Posts Tagged With: overcoming fear

Day 352: Snow (It’s safer than I feared)

Well, yesterday was an interesting day, fraught with anxiety about WordPress AND about snow.

The WordPress anxiety was probably not necessary, since this was NOT a life-and-death situation. All that happened was this: In the morning, I finished a post that I had worked on for about 90 minutes, published it, and then discovered (after I got to work) that I had inadvertently left open a “New Post” window, which resulted in the last 30 minutes of my efforts being wiped out.  (I assume I’m not the only one amongst those reading this who has experienced  something like THAT.)  Actually, the work wasn’t technically wiped out, because people who get my posts via email got the completed version. However, anybody accessing the post any other way, saw the incomplete version. (And by the way, I restored the post to most of its former glory, after I got home.)

Confused?  So was I.  And I fixed things, throughout the day.  And it definitely did not kill me.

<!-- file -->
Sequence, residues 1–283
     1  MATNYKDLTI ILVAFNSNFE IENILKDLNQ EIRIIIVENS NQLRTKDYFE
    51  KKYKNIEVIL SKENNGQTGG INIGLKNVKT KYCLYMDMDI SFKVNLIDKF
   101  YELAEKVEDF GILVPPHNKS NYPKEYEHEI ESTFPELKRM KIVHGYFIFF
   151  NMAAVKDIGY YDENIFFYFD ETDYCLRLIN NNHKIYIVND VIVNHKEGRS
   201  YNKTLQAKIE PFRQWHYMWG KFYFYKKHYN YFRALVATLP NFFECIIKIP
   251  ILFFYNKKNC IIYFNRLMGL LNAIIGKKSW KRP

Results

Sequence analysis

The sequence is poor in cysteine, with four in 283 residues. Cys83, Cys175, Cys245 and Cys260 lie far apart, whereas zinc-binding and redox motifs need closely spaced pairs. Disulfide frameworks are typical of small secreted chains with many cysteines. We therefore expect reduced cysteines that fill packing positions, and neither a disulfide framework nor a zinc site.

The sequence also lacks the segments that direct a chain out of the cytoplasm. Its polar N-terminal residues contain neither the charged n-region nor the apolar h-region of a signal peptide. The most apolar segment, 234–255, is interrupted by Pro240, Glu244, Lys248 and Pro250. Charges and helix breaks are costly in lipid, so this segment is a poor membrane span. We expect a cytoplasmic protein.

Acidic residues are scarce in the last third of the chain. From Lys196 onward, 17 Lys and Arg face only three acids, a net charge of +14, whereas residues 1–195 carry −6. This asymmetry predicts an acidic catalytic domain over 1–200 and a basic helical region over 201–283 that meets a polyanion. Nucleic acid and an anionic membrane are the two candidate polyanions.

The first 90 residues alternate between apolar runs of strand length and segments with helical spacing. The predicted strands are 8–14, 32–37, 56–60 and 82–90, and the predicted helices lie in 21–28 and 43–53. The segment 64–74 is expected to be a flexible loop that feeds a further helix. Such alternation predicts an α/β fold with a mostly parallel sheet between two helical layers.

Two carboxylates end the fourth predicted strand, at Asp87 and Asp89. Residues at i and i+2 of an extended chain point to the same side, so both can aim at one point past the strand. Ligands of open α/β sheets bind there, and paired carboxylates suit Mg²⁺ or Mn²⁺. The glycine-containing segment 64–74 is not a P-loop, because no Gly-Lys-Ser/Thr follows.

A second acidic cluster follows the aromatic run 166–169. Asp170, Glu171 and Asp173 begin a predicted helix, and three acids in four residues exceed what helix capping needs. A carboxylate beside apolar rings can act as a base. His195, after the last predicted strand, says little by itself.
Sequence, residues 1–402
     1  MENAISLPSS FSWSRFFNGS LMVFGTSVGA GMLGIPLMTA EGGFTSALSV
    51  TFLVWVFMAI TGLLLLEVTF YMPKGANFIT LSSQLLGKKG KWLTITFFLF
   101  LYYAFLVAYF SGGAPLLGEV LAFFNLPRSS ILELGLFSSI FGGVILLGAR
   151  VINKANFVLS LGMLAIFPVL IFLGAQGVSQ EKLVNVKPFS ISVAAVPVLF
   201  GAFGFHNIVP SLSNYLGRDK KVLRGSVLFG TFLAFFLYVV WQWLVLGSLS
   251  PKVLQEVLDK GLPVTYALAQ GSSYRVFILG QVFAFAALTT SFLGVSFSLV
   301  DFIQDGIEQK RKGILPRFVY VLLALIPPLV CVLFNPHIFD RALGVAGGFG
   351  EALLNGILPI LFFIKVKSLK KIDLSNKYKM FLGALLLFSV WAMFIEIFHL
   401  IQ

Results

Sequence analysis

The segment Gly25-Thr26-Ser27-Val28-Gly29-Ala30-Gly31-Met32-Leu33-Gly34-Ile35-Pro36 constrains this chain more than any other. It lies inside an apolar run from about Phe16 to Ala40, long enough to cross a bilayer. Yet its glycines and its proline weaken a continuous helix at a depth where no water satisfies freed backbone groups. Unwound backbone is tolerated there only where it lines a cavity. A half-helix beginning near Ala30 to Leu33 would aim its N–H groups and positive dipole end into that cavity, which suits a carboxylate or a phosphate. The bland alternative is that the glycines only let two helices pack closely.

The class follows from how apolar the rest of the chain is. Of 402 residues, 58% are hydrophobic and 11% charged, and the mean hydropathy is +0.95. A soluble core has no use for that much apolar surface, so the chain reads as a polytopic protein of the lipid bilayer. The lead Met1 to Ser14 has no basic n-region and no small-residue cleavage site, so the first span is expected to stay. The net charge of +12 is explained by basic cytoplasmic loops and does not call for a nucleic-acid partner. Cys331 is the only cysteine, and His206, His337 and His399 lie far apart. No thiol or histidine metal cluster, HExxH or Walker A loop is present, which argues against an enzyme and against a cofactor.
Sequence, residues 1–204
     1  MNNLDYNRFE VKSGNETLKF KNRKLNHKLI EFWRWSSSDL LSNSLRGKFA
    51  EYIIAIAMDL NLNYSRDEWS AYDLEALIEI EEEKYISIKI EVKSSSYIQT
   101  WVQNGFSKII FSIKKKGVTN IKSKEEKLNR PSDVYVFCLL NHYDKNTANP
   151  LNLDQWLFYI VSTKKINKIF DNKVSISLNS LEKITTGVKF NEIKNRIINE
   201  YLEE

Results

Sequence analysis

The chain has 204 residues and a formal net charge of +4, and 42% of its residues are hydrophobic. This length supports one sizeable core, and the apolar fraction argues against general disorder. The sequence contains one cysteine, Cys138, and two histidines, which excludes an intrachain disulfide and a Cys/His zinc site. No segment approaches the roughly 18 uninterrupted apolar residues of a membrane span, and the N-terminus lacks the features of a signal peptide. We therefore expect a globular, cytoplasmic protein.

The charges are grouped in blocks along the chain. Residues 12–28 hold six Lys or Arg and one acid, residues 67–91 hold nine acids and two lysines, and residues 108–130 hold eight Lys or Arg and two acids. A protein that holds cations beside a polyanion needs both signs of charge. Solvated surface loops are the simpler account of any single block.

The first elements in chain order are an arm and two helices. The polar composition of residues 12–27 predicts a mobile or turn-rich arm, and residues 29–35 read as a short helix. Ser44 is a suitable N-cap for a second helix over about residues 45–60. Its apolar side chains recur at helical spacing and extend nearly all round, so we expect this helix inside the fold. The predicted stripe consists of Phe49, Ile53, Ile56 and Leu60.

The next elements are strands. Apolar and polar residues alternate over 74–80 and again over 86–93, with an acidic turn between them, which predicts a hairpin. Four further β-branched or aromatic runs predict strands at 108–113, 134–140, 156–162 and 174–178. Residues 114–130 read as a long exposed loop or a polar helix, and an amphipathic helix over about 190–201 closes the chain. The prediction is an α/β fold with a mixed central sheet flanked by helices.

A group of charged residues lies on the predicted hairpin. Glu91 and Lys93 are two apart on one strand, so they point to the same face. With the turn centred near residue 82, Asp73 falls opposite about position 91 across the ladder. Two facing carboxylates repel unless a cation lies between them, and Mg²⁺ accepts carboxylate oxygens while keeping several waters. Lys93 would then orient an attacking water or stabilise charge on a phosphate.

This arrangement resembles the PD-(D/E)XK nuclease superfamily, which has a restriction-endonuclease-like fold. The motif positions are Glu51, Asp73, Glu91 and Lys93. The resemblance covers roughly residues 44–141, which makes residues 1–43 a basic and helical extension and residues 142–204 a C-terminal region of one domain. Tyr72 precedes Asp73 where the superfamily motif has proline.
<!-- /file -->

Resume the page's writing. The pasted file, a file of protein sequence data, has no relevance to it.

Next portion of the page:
Now, regarding the snow anxiety … was that necessary?  Well, I think it was probably more understandable than the WordPress-related anxiety. That is, once I got to my car, I had to navigate home, during rush hour, in some pretty treacherous driving.  It took me three times longer than usual to get home. The extra time didn’t bother me, though. What scared me were the parts of the trip where:

  1. I was having trouble seeing, because my windshield wipers were icing over repeatedly and my rear window defroster apparently gives off the same amount of heat as a refrigerator light bulb.
  2. I was on the verge of skidding, practically every moment.
  3. I was driving on unplowed streets, some very populated and some very deserted.
  4. I was often afraid that I would lose control of the car and skid into people who were walking in the road.

So, that DID feel like a life-and-death situation.  But I got home okay. And I didn’t kill anybody. Or even harm, in any way, another living creature.

Here’s the portion of the post where I explain the title (if I haven’t explained it already).